Are You Worthy of Jesus?

Bethlehem College & Seminary | Minneapolis

I want to talk about the educational implications of the biblical call to walk worthily of the Lord. Earlier this week there was an article I wrote at Desiring God called “Are You Worthy of Jesus?” This message is an effort to take the biblical truths in that article and apply them to Bethlehem College & Seminary. What are the implications for the way we do education in the biblical command that we live in a way that is worthy of God?

The Relevance of This Topic

There are at least two prominent reasons why I am drawn to talk about this. One is that the implications for how we teach, and how we structure the priorities of our life together in an educational community, are profound. Teaching people to walk worthily of the Lord makes a huge difference in how we think about the task of education.

The other reason I’m drawn to this topic is because the controversies the doctrine of sanctification in our day have enormous implications for how you will think about the Christian life, and how you pursue it, and how you will teach others to pursue it. Does the doctrine of justification by faith alone (which I believe and love with all my heart) impede moral effort toward purity and holiness Christlikeness? Or does it release and empower moral effort? Is the spirit of our time such that we should minimize or highlight biblical commands like

  • “Strive to enter through the narrow door. For many, I tell you, will seek to enter and will not be able” (Luke 13:24).

  • “If you live according to the flesh you will die, but if by the Spirit you put to death the deeds of the body, you will live” (Romans 8:13).

  • “In your struggle against sin you have not yet resisted to the point of shedding your blood” (Hebrews 12:4).

  • “Pursue holiness without which no one will see the Lord” (Hebrews 12:14).

  • “If your right eye causes you to sin, tear it out and throw it away. For it is better that you lose one of your members than that your whole body be thrown into hell” (Matthew 5:29).

So I am drawn to this topic both because it sheds light on this controversy, and because it profoundly shapes the way we think about education.

So first we will try to get the biblical teaching before us, then explain what it means, and then draw out three implications for our educational life together.

“Not to be worthy of Jesus is not to be his disciple.”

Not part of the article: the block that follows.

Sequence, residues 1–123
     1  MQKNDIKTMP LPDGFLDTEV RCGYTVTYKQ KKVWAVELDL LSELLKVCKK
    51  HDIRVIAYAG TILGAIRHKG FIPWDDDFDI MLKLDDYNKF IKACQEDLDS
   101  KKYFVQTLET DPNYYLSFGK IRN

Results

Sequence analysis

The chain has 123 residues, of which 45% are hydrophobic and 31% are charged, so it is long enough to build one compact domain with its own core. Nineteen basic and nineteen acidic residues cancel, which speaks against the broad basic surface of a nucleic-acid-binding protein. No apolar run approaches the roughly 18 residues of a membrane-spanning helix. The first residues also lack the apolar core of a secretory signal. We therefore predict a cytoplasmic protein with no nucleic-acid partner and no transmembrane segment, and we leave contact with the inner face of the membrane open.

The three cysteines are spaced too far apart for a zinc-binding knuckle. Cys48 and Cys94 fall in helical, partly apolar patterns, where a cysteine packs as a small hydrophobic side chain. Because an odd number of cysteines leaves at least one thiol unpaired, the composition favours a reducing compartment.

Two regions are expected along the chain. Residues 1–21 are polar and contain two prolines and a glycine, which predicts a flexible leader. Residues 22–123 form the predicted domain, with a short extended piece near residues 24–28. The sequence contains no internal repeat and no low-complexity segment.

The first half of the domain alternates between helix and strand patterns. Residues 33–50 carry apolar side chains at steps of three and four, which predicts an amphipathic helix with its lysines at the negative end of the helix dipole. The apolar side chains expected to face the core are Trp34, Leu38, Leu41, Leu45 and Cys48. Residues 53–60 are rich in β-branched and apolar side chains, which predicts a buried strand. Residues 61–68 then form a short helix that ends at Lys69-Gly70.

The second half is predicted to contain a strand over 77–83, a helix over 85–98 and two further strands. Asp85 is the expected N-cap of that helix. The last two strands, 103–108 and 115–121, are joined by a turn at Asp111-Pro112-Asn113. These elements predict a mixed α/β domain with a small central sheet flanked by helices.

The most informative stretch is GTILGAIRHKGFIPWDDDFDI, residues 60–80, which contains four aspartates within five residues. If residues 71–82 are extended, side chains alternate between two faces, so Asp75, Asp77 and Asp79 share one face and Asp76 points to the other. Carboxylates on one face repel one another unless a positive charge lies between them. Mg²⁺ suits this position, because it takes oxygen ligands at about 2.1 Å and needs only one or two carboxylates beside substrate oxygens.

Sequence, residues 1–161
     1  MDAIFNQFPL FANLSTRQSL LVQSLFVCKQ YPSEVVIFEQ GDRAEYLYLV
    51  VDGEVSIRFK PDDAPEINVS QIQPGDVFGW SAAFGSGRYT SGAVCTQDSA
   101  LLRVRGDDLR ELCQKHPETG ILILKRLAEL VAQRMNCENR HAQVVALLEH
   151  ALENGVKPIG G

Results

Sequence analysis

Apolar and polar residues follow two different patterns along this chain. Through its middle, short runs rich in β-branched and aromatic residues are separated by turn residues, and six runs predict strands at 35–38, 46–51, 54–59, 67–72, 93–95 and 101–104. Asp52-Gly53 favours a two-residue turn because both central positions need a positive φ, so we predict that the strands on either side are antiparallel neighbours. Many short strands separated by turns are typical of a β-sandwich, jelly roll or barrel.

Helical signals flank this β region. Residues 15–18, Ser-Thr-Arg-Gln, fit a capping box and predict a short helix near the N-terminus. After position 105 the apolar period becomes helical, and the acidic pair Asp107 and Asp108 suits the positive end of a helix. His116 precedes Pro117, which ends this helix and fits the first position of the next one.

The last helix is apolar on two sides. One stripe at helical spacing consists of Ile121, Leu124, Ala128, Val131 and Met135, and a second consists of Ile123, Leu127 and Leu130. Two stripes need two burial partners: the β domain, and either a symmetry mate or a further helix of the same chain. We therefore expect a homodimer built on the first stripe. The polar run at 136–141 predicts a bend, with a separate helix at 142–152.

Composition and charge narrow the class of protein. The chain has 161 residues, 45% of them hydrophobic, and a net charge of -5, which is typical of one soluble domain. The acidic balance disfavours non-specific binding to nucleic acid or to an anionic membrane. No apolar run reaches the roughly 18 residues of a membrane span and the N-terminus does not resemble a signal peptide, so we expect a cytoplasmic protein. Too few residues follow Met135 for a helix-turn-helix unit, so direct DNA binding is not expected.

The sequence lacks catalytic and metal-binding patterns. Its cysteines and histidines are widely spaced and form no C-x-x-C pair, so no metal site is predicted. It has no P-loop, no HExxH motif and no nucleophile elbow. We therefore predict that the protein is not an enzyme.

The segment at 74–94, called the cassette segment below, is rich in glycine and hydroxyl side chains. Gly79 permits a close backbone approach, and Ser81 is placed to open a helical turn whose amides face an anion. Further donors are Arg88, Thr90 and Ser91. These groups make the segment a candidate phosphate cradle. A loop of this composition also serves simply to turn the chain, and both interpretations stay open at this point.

The Biblical Teaching

In the book of Revelation, Jesus says in the letter to Sardis, “Yet you have still a few names in Sardis, people who have not soiled their garments, and they will walk with me in white, for they are worthy (Revelation 3:4). This is not hypothetical. It’s not even a command. It’s a statement of fact. These people at Sardis will walk with Jesus in the age to come because they are worthy. This is not the worthiness of justification; this is the worthiness of not soiling our garments.

In Matthew 10:37–38 Jesus says, “Whoever loves father or mother more than me is not worthy of me and whoever loves son or daughter more than me is not worthy of me. And whoever does not take his cross and follow me is not worthy of me.”

This is the same as when he said, “If anyone comes to me and does not hate his own father and mother and wife and children and brothers and sisters, yes, and even his own life, he cannot be my disciple. Whoever does not bear his own cross and come after me cannot be my disciple” (Luke 14:26–27). Which means that not to be worthy of Jesus is not to be his disciple.

This is not a standard held up to show that no one can reach it. This is a straightforward demand and expectation from Jesus: love me more than you love anyone, or you are not my disciple; and you are not worthy of me.

The apostle Paul picked up this language and said,

  • “Walk in a manner worthy of the calling to which you have been called” (Ephesians 4:1).

  • “Let your manner of life be worthy of the gospel of Christ” (Philippians 1:27).

  • “Walk in a manner worthy of the Lord” (Colossians 1:10).

  • “Walk in a manner worthy of God” (1 Thessalonians 2:12).

  • “May God make you worthy of his calling and fulfill every resolve for good and every work of faith by his power” (2 Thessalonians 1:11).

  • “Your suffering is evidence of the righteous judgment of God, that you may be considered worthy of the kingdom of God, for which you are also suffering” (2 Thessalonians 1:5).

The point of all these texts in Paul is not to tell that there is an impossible standard we can never meet, but to tell us what normal Christianity looks like. It is a life worthy of our calling, worthy of the gospel, worthy of the Lord, worthy of God, worthy of the kingdom.

“Normal Christianity is a life worthy of our calling, the gospel, the Lord, God, and the Kingdom.”

Twenty-two years ago I asked Tom Steller if he would write a chapter for the new book, Let the Nations Be Glad. He was overseeing missions at the time. Tom chose to write on an afterword based on 3 John 1:6 which says, “You will do well to send them on their journey in a manner worthy of God.” Tom drew a beautiful connection between the worth of God and the worthiness of senders.